4 Actions to Take When Financial Hardship Strikes

The trickiest aspect of financial hardship is it can strike anyone at any time. While it’s ideal to have an emergency fund in place to handle the financial damages, nearly one in three U.S. adults (28 percent) have no emergency savings on hand. Furthermore, some financial hardships cost more than the average emergency fund.

It’s understandable to feel overwhelmed when the unexpected happens. But it’s also important to remember there are always actions you can take to help minimize the damage and get things back on track.

Here are four actions to take when financial hardship strikes.


Tighten Your Spending

Start by pausing all non-essential spending in your budget and rerouting those funds toward addressing the hardship. This will mean making some sacrifices — like cooking inexpensive meals at home rather than dining out — but it will also go a long way toward addressing the problem.

Not sure where to start? Go through your credit and debit card statements to find all the services and memberships for which you’re currently enrolled. Cancel anything you can live without, redundant services and any memberships you underutilize for the price. People often overlook how much they’re spending on recurring subscriptions, so there’s often an opportunity to downsize in this department.


Search for Extra Income Streams

Now it’s time to consider how you can bring in some extra income during this difficult time. Taking on a side hustle is one possibility. You may be able to negotiate a raise or bonus at work, depending on your position and company. There are probably items sitting around your house you could sell online for some extra cash, too. Any extra money you can make will soften the blow.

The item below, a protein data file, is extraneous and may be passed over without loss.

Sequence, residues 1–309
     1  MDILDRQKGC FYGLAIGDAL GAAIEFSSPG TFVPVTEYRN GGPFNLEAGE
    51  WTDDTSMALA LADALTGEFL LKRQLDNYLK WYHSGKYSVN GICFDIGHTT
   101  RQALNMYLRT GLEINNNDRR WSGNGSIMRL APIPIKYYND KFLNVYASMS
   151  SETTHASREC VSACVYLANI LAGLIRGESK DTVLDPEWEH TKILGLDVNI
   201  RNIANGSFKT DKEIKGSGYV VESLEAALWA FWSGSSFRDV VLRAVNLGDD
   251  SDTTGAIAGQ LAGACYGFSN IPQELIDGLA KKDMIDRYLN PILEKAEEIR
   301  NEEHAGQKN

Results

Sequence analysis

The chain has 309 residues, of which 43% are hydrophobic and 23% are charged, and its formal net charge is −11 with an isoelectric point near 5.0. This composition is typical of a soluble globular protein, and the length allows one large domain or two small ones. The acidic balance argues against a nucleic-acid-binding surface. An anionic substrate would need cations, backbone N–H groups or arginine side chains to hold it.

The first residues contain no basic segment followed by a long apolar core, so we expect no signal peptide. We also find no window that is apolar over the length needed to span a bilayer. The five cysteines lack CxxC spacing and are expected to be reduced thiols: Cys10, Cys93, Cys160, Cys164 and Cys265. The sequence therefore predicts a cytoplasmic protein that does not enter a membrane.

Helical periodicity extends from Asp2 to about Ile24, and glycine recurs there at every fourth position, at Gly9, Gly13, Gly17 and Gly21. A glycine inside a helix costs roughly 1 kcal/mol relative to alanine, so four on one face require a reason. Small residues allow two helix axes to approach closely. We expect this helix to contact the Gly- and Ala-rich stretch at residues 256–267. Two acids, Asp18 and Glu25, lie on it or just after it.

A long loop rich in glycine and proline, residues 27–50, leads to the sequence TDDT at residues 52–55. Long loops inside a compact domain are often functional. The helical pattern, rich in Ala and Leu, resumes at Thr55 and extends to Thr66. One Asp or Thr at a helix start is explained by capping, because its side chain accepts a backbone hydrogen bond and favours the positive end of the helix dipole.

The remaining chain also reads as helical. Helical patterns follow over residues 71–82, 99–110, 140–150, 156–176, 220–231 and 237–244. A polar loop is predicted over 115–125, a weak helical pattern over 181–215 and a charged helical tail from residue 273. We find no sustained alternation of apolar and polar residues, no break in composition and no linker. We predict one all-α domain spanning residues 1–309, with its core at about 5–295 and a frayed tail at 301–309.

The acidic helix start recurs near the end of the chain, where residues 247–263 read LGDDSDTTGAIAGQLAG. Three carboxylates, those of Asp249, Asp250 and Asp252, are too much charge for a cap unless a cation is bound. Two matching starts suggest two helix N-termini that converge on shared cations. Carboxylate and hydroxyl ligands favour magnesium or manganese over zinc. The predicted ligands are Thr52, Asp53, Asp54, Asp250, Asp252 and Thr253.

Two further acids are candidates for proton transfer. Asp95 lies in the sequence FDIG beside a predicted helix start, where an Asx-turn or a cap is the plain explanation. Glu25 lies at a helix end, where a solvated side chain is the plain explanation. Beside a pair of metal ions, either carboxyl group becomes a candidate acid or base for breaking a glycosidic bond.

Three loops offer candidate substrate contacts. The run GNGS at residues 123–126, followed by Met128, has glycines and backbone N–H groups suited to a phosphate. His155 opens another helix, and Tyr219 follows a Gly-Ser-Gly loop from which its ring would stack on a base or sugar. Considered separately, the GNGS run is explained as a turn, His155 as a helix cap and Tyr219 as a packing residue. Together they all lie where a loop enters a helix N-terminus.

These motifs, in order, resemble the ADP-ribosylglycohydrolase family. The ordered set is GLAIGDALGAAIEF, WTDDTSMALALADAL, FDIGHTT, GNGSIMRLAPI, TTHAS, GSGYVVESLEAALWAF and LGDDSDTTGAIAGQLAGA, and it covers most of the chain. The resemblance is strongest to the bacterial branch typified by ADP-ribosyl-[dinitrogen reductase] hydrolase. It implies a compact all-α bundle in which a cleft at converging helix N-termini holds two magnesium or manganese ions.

Compare Personal Loans

If you had to put the cost of the financial hardship on credit, you’re now on the hook for that balance — or possibly multiple balances, spread across several accounts. This can make it incredibly stressful to pay bills, plus you’ll soon be facing higher-than-average interest rates on that debt.

Some people find debt consolidation — or taking out a special loan to cover those high-interest debts — preferable. It requires only one monthly payment instead of several and may reduce the amount of interest you have to pay overall.

Effectively consolidating debts typically requires a pretty strong credit score. It’s also important to work with a reputable lender to make sure you won’t actually be paying more over the lifetime of the loan than you would addressing your credit card debt head on.


Try to Negotiate with Lenders

Another option during times of financial duress is to negotiate with lenders. This can take a few different forms.

Those strapped with medical bills can try these tactics:

  • Go over bills with a fine-toothed comb, looking for errors and asking for clarification on any charges you don’t understand.

  • Ask if you qualify for any discounts or hardship assistance programs.

  • Visit the hospital or practice’s billing department directly to explain your situation and try to work out a repayment plan.

You can meet with a credit counselor at a non-profit agency to go over your financial situation, then find out if you’re eligible for a debt management plan (DMP). Your counselor may be able to negotiate down interest rates and fees on what you owe, then put you on a multi-year plan to pay it back.

Debt settlement is another option for those facing a great deal of unsecured debt. This approach involves trying to negotiate down the amount you owe with creditors — who may otherwise be afraid you’ll default on those balances.

When financial hardship strikes, know what actions can help you minimize the collateral damage.

All opinions expressed on USDR are those of the author and not necessarily those of US Daily Review.